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Cut GST rates on COVID essentials, set up dispute resolution body: Punjab FM to Sitharaman

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Manpreeet Singh Badal sought a discussion on floor and band of rates within which states may be allowed to fix their respective State-GST rates as they continue to face a deficit of around 20 percent of the assured revenue.

Cut GST rates on COVID essentials, set up dispute resolution body: Punjab FM to Sitharaman
Ahead of the meeting of the GST Council, Congress-ruled Punjab has demanded a cut in the tax rate on life-saving items for COVID-19 treatment as well as the implementation of pending reforms, including reviewing tax rates and exemptions, setting up of dispute resolution body and ways to bridge shortfall facing states.
In a letter to finance minister Nirmala Sitharaman, who heads the GST Council that also comprises representatives of all states and union territories, Punjab Finance Minister Manpreeet Singh Badal sought a discussion on floor and band of rates within which states may be allowed to fix their respective State-GST rates as they continue to face a deficit of around 20 percent of the assured revenue.
In the six-page letter dated May 24, he also raised the issue of bureaucrats being allowed to tweak GST rules in the name of enforcement without the political oversight of the GST Council, which sets a "dangerous" precedent.
The GST Council is to meet for the first time in nearly eight months on Friday (May 28).
Badal said many goods, including protective garments, digital thermometer, laboratory sanitisers/disinfectants and paper bed sheets, which are needed to fight the pandemic, attract a basic customs duty of 20 percent and a Goods and Services Tax (GST) of up to 18 percent. On top of that, a 10 percent social welfare surcharge is levied on such items.
"As IGST is charged on taxable value, that includes import duties, the effective burden exceeds by another 2-3 percent, Badal said. "It is baffling that despite the crisis our country currently finds itself in… taxes this high continue to apply on basic essentials needed to overcome this life-threatening disease…," Badal wrote.
He also suggested review and harmonisation of tax rates and exemptions to eliminate evasion and simplify the tax credit chain. He also called for making GST predictable by strengthening the Advance Ruling Authority and also issuing guidance note for uniform implementation across the country.
To strengthen the federal structure and for effective consultation with the states, Badal also reminded the union finance minister of the long-standing demands of the states for the appointment of a Vice-Chair to the GST Council and activating a dispute resolution mechanism. He said a discussion should be initiated on the floor and band of rates within which states may be allowed to fix their SGST rates after June 2022.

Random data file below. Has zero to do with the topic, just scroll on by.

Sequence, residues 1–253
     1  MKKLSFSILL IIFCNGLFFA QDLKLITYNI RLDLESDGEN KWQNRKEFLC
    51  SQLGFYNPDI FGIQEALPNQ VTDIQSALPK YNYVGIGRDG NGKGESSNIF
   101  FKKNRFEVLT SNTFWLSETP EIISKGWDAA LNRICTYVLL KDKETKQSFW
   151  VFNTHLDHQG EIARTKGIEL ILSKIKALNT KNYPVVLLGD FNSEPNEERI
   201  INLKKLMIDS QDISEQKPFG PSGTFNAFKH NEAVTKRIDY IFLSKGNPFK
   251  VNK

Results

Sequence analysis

"Practically all states continue to face revenue deficit of close to 20 percent of the assured revenue. In the case of Punjab, it goes in excess of 50 percent," he said, adding GST has failed to garner the assured revenue, threatening the fiscal sovereignty of states.
"We need to start discussions on how exactly this gap is to be bridged in general together with the possibility of differential SGST rates for states which continue to have far greater deficits," Badal said.
Badal also drew Sitharaman's attention to the decisions taken by the GST Implementation Committee, a panel of officers tasked with routine and procedural matters.
These include cancellation and suspension of GST registration, restriction on the validity of e-way bill, payment of minimum tax in cash even while the tax credit is available and waiver of penalty. He said most of these decisions would require an amendment to the rules that would also require them to be placed before the state legislatures.
"We are setting dangerous precedents of subverting the process of lawmaking to officers, clearly a case of excessive delegation and running the risk with the judiciary of being struck down," Badal wrote. These decisions should be either reversed or be placed before the Council as a separate agenda for a formal approval with retrospective effect, he said.
"…GST is being increasingly perceived to be causing excessive harassment and arbitrariness (eg. freezing of productive assets of businesses, suspension of registrations and denial of eligible tax credits) and moving away from a fair and non-adversarial tax system that forms the foundation for a progressive tax," Badal said.
The Council should define and notify the powers of the GST Implementation Committee (GIC), he added.